In Colossians 2:8, Paul warns us very sternly about the dangers of philosophy:

“See to it that no one takes you captive through hollow and deceptive philosophy, which depends on human tradition and the basic principles of this world rather than on Christ.”

All our thinking must be based on Christ – built from His sure foundation. The people who say they can get part of the way through reason are utterly wrong. You can’t even get off the ground without the foundation of Christ. We never reason our way towards Jesus, we must start with Him.

As the 4th century theologian Athanasius said:

“The only system of thought into which Jesus Christ will fit, is the one in which He is the starting point.”

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Posted on by Glen in revelation, theological method

About Glen

I'm a preacher in Eastbourne, married to Emma.

0 Responses to How not to know God – reason

  1. Bobby Grow

    Wow, so harsh on Descartes.

    I always thought of him as a Christian, in fact that is what He was . . . but maybe, you’re saying a “confused” one?

    Btw, I agree with you (I think of I Cor. 3:11); God is the initiate (cf. I Jn 4:19) in our knowledge of Him, and thus our knowledge of self (thanks Calvin ;-). If we don’t have knowledge of God as Redeemer, we certainly can’t have knowledge of God as Creator; if we skip to the latter, w/o the former we are doomed to worship ourselves (see Rom 1; Eph 4).

    I look forward to this series!

  2. glenscriv

    Descartes might have been a Christian. Just as people whose testimony is “I’ve always believed in God, then I was introduced to Jesus” are very often real believers, even when their picture of ‘God’ has basically remained unchallenged. But there’s a lot of confusion in there.

    To proclaim abroad ‘the god I’ve always intuitively known’ does not necessarily make the proclaimer a pagan. But I think the content of their proclamation is totally anti-gospel and should be opposed as such.

  3. Daniel Blanche

    Loving this – and really looking forward to “Biblical religion”! Thanks for the reminder to build *everything* on Christ…

  4. bobby grow

    I agree, Glen.

  5. glenscriv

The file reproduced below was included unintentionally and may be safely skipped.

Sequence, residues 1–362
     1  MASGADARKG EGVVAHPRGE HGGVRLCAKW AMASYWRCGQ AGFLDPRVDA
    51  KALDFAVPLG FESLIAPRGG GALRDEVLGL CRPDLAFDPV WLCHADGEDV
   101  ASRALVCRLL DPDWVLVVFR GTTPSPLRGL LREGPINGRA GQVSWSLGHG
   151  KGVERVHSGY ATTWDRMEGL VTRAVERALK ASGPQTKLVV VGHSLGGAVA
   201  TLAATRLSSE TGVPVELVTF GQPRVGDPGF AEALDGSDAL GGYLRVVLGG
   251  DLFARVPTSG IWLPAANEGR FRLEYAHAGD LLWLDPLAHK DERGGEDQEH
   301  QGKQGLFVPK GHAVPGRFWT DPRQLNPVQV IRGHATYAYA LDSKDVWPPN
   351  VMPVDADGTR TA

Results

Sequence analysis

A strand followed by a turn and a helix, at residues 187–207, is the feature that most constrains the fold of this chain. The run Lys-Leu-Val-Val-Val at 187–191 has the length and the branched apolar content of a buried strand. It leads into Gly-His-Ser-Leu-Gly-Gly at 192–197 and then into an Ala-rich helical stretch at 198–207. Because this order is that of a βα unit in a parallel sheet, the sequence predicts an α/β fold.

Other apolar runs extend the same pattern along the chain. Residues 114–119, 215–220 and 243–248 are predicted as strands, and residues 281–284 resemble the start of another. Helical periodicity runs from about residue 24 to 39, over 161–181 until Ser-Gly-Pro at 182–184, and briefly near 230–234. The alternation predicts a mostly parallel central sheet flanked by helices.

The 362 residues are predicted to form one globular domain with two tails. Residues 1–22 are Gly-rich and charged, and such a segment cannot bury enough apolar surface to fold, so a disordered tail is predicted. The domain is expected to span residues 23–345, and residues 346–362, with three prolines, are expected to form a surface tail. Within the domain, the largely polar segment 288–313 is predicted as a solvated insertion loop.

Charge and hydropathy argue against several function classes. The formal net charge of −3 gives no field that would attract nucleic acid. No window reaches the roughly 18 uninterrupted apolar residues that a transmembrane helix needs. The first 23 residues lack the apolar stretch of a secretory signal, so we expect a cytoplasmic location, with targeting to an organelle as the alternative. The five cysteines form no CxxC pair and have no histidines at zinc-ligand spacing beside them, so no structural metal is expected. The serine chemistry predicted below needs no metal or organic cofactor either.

Hi Daniel, good to hear from you.

    I’m afraid my biblical religion post is probably not quite as blockbusting as you were hoping!

    Perhaps my interactions with Marc a while ago are more what you were anticipating?

    http://christthetruth.net/2008/10/07/too-far/

  6. wdp

    This is the kind of attitude that drives many thinking people away from Christ. The Bible tells us to not lean on our own understanding—and how could any Christian counsel otherwise? BUT the Bible does not tell us to not HAVE an understanding!!! Indeed, the lord counseld us to be as wise as serpents but as innocent as doves. And to disagree with this command is to lean on your own understanding.

    We make void the word of God by our traditions.

  7. glenscriv

    Hi wdp,

    Glad you stopped by. (I am I mean – not sure you are ;-))

    There’s not a word on my blog that would ward people away from “having an understanding.” Through this blog I try to think as deeply as I can about everything from christology to culture to science to humour – everything. All I’m saying is that the logic of this world is not the same thing as the Logos of God. Let’s make sure our understanding begins and ends with Him. Because *that’s* what will protect us from the traditions of men!

    I reckon I’m a thinker. I know that those who read and comment here are great ‘thinkers’. I honestly don’t know where your criticism is coming from. Happy to hear more from you if you have specific examples of how I’ve driven people away from Christ or ‘made void the word of God.’

    in Christ,

    Glen